Junk food advertising ban called for by health advocacy group in Western Australia

Associate Professor Christina Pollard
PHAIWA Director Associate Professor Christina Pollard

The Public Health Advocacy Institute of Western Australia (PHAIWA) based at Curtin University, is calling on the State Government to end junk food advertising on government property, including trains, buses, bus shelters, billboards and sporting venues. 

Healthy WA, a website of the WA Department of Health says: junk food describes food and drinks low in nutrients (eg vitamins, minerals and fibre) and high in kilojoules, saturated fat and added sugar and salt. Junk foods are not a necessary component of any diet.

Nevertheless surveys have shown that junk food provides 41 per cent of children’s and 34 per cent of adult’s energy intake.

The prime aim of the proposed ban is to reduce the exposure of children to this advertising, but it is also important for seniors.

So the proposed advertising ban is equally important for senior’s health.

PHAIWA Director Associate Professor Christina Pollard said good nutrition is important for older people. They need to maintain a good quality diet. 

“The advertisements are aimed at everybody, not just children. They remind people of food items they might like. It is similar to the two fruit, five veg campaign; it keeps reminding people.

Older people, especially those living alone, often lose the energy and enthusiasm to cook healthy meals, relying on prepared ‘ready meals’ which just needs reheating. 

“Ready meals are sometimes good. They can be low in sugar and fat and with adequate fibre, but  the temptation is to eat frozen pizza, pies, biscuits or sweets that are high in fat.

“The reason we are pushing this now is that we have a State government that is big on public health. Australian states have control over advertising and the WA government can use its power to encourage the public to eat well” she said.

A ban on unhealthy food and drink promotions on all state premises is one of the recommendations in the Sustainable Health Review released by the State Government in 2019. At present there are no regulations restricting advertising of unhealthy food.

Already London, Amsterdam and the Australian Capital Territory have banned the advertising of unhealthy foods and beverages on publicly owned assets.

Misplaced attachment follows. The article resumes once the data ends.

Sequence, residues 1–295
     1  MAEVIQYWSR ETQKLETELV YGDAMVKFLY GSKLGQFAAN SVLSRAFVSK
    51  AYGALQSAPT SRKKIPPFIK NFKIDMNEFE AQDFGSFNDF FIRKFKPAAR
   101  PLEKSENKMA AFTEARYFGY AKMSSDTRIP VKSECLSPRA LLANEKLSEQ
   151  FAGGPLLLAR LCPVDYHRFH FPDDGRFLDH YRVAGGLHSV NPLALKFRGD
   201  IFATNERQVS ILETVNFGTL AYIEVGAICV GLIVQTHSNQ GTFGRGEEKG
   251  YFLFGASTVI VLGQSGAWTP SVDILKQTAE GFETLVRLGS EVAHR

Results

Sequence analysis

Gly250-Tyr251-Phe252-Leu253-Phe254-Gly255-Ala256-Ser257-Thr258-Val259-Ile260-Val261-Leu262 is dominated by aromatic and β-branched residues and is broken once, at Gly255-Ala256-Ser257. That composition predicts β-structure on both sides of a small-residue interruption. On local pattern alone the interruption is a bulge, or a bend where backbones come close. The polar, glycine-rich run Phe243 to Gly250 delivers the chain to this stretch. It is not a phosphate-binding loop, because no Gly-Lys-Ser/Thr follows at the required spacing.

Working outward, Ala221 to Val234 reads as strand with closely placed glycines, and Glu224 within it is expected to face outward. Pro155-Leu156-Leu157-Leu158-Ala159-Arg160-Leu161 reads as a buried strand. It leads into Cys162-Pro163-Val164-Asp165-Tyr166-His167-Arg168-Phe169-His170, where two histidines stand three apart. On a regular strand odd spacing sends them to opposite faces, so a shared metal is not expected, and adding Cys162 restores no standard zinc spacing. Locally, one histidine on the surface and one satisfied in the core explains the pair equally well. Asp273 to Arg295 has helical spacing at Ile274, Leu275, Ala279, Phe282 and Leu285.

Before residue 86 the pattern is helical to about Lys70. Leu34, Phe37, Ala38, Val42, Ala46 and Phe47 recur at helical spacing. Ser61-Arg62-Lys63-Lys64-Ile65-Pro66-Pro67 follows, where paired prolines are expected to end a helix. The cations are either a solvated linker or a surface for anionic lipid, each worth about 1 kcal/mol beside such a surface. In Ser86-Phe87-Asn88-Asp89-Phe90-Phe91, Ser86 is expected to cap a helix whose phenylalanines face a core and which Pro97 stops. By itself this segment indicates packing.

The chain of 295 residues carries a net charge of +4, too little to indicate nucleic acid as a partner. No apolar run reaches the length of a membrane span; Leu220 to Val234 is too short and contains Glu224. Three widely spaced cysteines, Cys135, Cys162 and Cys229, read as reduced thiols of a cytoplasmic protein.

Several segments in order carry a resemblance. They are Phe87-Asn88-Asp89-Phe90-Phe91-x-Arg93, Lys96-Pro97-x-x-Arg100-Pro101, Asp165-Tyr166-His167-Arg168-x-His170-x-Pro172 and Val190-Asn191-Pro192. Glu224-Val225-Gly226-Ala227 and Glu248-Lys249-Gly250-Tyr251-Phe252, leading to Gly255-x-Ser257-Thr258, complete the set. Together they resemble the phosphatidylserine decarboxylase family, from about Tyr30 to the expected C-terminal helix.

The Australian Institute of Health and Welfare (AIHW) reported in August 2020 that older Australians – people aged 55 years and over – are being strongly caught up in the national obesity epidemic. 

The AIHW says the number of obese older Australians trebled over the past 20 years, due to the combined effect of an ageing population and the obesity epidemic. These older Australians are about 6 – 7 kg heavier on average than their counterparts were 20 years ago. 

The WA Cancer Council in a report prepared by Deakin University Global Obesity Centre, says unhealthy diets, overweight and obesity are the greatest risk factors for death and disease in Australia and globally. Consumption of unhealthy food and sugary drinks increases toxic fat and puts people at risk of 13 types of cancer, type II diabetes, heart disease and other chronic illnesses.

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Frank Smith was trained as an agricultural scientist in the UK, moving to WA in 1974 and shortly afterwards began lecturing at WAIT (now Curtin University) in soils and agronomy. In 1979 he joined the Agriculture Protection Board in charge of publications and media relations, studying part time for a degree in Journalism. In 1992 he spent a year as a visiting professor at the University of Missouri-Columbia. Later he ran a small publication company with his wife Mary-Helen. He then began freelance writing, editing and book indexing. He has written articles for more than 40 magazines in four continents and indexed more than 20 books. In 2007 he started writing for Have a Go News and gradually reduced his writing for other publications. He later took over the subediting, ensuring Have a Go News is consistent in style and highly readable. He and Mary-Helen live in a passive solar home in the Perth Hills with a varying collection of quendas and native birds.